Connolly, McGuire, and Murray filed separate petitions in the District Court for the Southern District of New York, praying that the United States attorney for that district be directed to suppress any evidence obtained through a search of certain premises used as a brewery, and a seizure of property found thereon, in a criminal proceeding already instituted against them, and in any other which might follow. Connolly's petition alleged that he was "employed at 71 Riverside Avenue, City of Port Jervis * * * as a night watchman and was in sole charge, possession and control thereof." That at night certain prohibition agents broke the gate of the premises and forced an entrance, after which they searched a number of factory buildings, "said to be owned by the Neversink Cereal Beverage Company and the Neversink Ice Company, all the premises being surrounded by a wall." They had no search warrant and no probable cause to search without one. He gave no further details as to the circumstances of the search. The petitions of McGuire and Murray were identical, and even more scanty. Each alleged that prohibition agents broke and entered the premises described in Connolly's petition, searched them, and "seized certain property therein." "Some time thereafter I entered those premises, was arrested and charged with a violation of the National Prohibition Act." That each was later arraigned and released on bail; and that the search and seizure was without warrant or probable cause. All three petitions were heard together, and the respondent answered, attempting to show that the officers had probable cause to suppose that the premises were being used as a brewery. As to Connolly, the answering affidavits alleged that he was a watchman who had fled upon learning the identity of the officers. They scaled a gate, entered the premises, and gained access to the buildings which they searched and found to be a brewery in operation. While there McGuire and Murray entered -- known to them under other names -- and "admitted to us that they were the operators of the brewery and that they had intended to move the beer that night. * * * We thereupon placed" them "under arrest as owners of the brewery." The judge decided that the entry was unlawful, and entered an order suppressing the use of the evidence so obtained.
We assume for argument that the search and seizure were unlawful; and that any persons aggrieved might suppress the evidence so acquired. None of the petitioners fall within that class. Although Connolly alleged that he was in "sole charge, possession and control" of the brewery, it was only as a "watchman." This relation to the property did not make its invasion a wrong to him; his supposed "possession" was not such at all. He was only a servant on the premises, and, certainly in New York, had no possession; possession remained in his employer. Kerrains v. People, 60 N.Y. 221, 19 Am.Rep. 158; Presby v. Benjamin, 169 N.Y. 377, 62 N.E. 430, 57 L.R.A. 317; Haywood v. Miller, 3 Hill (N.Y.) 90; Napier v. Spielmann, 127 App.Div. 567, 111 N.Y.S. 983. The entry and the search which followed, were therefore no wrong to him, but to the Neversink companies, which were the owners, if he be right. He would for this reason be unable to secure a return of the property seized. Gallagher v. U.S., 6 F.2d 758 (C.C.A. 2); The Ng Ka Py Cases, 24 F.2d 772 (C.C.A. 9). The power to suppress the use of evidence unlawfully obtained is a corollary of the power to regain it. The prosecution is forbidden to profit by a wrong whose remedies are inadequate for the injury, unless they include protection against any use of the property seized as a means to conviction. The relief being thus remedial, the evidence has never been thought incompetent against anyone but the victim. Conceivably it might have been; it might have been held that the prosecution, though not disqualified from taking advantage of another's wrong (Burdeau v. McDowell, 256 U.S. 465, 41 S. Ct. 574, 65 L. Ed. 1048, 13 A.L.R. 1159), should not profit in any wise by its own. But that would obviously introduce other than remedial considerations; the doctrine would then be like that of equity which denies its remedies to one who is not himself scathless. Agnello v. U.S., 269 U.S. 20, 46 S. Ct. 4, 70 L. Ed. 145, 51 A.L.R. 409, has often been cited as limiting the incompetency to the person aggrieved, but it scarcely goes so far; the evidence, unlawfully seized, was apparently not used against the other defendants at all. Nor does Taylor v. U.S. 52 S. Ct. 466, 76 L. Ed. , touch the situation at bar; Taylor was in possession of the property seized. So far as we can find, the Supreme Court has not passed upon the point, but it has been ruled in all Circuit Courts of Appeal but the First, and always against defendants whose rights had not been invaded. Haywood et al. v. U.S., 268 F. 795, 803, 804 (C.C.A. 7); Chicco v. U.S., 284 F. 434 (C.C.A. 4); Remus v. U.S., 291 F. 501, 509, 511 (C.C.A. 6); Schwartz v. U.S., 294 F. 528 (C.C.A. 5); MacDaniel v. U.S., 294 F. 769 (C.C.A. 6); Goldberg v. U.S., 297 F. 98 (C.C.A. 5); Rouda v. U.S., 10 F.2d 916, 917 (C.C.A. 2); Rosenberg v. U.S., 15 F.2d 179, 180 (C.C.A. 8); Graham v. U.S., 15 F.2d 740, 742 (C.C.A. 8); Cantrell v. U.S., 15 F.2d 953 (C.C.A. 5); Nielson v. U.S., 24 F.2d 802 (C.C.A. 9); Patterson v. U.S., 31 F.2d 737 (C.C.A. 9); U.S. v. Messina, 36 F.2d 699 (C.C.A. 2); McShann v. U.S., 38 F.2d 635 (C.C.A. 10); Holt v. U.S., 42 F.2d 103 (C.C.A. 6); Chepo v. U.S., 46 F.2d 70 (C.C.A. 3).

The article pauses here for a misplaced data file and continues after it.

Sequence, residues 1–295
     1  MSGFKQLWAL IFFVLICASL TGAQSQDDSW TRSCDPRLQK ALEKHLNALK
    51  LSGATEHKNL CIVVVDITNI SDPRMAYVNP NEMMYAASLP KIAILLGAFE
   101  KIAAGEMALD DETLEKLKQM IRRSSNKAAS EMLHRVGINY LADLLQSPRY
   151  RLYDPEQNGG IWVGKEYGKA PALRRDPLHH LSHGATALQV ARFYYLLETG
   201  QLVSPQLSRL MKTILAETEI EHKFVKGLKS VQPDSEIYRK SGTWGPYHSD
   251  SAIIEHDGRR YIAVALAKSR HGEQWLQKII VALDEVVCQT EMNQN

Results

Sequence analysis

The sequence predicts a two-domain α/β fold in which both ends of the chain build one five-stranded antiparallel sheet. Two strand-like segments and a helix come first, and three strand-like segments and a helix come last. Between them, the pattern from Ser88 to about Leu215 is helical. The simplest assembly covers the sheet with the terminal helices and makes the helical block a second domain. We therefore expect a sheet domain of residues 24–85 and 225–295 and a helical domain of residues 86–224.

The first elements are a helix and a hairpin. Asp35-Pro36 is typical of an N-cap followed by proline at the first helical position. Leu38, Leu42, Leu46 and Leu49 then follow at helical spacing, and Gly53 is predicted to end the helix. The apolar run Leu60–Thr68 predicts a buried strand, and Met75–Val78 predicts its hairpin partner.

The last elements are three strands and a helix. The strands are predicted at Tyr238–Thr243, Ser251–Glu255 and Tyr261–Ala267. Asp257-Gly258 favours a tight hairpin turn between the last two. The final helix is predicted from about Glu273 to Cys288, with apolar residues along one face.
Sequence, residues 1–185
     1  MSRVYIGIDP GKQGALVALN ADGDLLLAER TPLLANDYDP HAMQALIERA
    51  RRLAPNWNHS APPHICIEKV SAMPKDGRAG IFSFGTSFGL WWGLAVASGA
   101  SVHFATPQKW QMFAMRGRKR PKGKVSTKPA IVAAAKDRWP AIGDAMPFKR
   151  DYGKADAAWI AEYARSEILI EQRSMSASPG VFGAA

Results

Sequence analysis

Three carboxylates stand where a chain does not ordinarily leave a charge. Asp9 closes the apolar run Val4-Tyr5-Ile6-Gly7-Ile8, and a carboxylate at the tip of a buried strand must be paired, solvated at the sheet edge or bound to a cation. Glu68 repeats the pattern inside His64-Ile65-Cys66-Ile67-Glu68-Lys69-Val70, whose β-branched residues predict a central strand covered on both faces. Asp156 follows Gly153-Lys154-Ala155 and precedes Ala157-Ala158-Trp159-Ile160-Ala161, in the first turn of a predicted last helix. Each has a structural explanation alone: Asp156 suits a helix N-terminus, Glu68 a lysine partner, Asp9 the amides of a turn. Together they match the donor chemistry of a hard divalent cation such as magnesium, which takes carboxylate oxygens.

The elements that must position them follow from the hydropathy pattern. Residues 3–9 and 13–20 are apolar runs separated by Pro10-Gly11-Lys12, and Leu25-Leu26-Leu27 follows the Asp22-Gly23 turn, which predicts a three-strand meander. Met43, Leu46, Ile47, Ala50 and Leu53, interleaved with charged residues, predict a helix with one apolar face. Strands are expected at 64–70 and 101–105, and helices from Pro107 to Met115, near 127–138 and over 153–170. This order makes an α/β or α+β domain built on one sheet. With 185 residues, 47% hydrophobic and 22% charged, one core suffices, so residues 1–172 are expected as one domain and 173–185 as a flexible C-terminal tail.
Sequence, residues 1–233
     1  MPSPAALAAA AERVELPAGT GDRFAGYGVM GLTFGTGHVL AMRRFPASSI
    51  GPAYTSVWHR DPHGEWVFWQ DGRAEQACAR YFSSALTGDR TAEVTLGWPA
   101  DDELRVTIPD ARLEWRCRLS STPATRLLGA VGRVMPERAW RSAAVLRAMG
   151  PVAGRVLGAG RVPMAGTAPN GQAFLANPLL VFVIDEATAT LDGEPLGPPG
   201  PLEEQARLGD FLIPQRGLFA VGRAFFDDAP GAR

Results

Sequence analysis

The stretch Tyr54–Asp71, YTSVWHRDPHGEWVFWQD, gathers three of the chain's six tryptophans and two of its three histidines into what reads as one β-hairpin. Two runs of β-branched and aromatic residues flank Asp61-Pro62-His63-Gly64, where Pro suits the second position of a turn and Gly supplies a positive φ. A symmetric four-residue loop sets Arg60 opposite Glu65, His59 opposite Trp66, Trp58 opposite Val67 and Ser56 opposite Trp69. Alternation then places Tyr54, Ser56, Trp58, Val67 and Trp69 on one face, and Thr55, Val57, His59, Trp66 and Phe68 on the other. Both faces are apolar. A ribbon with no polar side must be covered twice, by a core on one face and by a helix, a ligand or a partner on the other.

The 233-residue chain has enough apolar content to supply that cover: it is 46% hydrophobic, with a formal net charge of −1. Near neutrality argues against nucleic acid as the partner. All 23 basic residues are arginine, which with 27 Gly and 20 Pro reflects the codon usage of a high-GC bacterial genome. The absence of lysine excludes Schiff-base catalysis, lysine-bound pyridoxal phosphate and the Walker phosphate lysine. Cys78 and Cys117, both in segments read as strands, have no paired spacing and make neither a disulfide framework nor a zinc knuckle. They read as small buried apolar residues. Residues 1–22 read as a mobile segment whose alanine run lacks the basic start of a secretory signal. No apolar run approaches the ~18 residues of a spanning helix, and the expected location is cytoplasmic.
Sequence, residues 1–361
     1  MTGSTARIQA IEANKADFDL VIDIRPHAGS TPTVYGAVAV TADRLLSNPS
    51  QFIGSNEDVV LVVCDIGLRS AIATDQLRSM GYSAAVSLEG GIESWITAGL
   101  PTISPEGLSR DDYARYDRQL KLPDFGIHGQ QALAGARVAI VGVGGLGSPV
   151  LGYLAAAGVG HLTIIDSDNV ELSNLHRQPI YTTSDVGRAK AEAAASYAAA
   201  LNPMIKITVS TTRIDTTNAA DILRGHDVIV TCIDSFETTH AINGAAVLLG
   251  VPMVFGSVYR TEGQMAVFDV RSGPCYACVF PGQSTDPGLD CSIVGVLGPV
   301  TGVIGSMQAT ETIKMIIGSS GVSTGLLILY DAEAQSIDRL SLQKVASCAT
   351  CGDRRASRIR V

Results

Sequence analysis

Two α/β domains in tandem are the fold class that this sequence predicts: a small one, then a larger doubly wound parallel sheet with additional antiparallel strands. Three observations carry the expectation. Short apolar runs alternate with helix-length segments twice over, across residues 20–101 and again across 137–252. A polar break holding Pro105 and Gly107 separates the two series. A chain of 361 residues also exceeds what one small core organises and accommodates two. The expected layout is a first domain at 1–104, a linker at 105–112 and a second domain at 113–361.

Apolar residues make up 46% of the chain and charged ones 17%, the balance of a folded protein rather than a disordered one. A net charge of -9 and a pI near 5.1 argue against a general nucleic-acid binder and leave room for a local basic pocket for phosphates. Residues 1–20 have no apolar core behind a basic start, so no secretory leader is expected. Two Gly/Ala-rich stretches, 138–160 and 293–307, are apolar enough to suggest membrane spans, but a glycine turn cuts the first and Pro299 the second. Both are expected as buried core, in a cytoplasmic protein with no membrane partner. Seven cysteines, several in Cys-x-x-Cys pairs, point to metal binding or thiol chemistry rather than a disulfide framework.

The petitions of McGuire and Murray contain even less than Connolly's; they avoid any allegation that they were the owners, or in possession of, the brewery; they say nothing except that they entered while the search was in progress and were arrested. It is true that the officers' answering affidavits allege as a justification for their arrest that they said that they were "operators" of the brewery, and that the officers arrested them as its "owners." The officers' conclusion is immaterial, and, assuming that "operating" would be enough to establish possession, the petitioners did not concede that they had said what the officers put in their mouths. The petition is a pleading; it must squarely allege some violation of the petitioner's rights; else he has no standing. Perhaps he may mend his hold while the proceeding is in progress; perhaps he may accept as true what is alleged against him and go on; but nothing short of that is enough. The difference is substantial. Men may wince at admitting that they were the owners, or in possession, of contraband property; may wish at once to secure the remedies of a possessor, and avoid the perils of the part; but equivocation will not serve. If they come as victims, they must take on that role, with enough detail to cast them without question. The petitioners at bar shrank from that predicament; but they were obliged to choose one horn of the dilemma.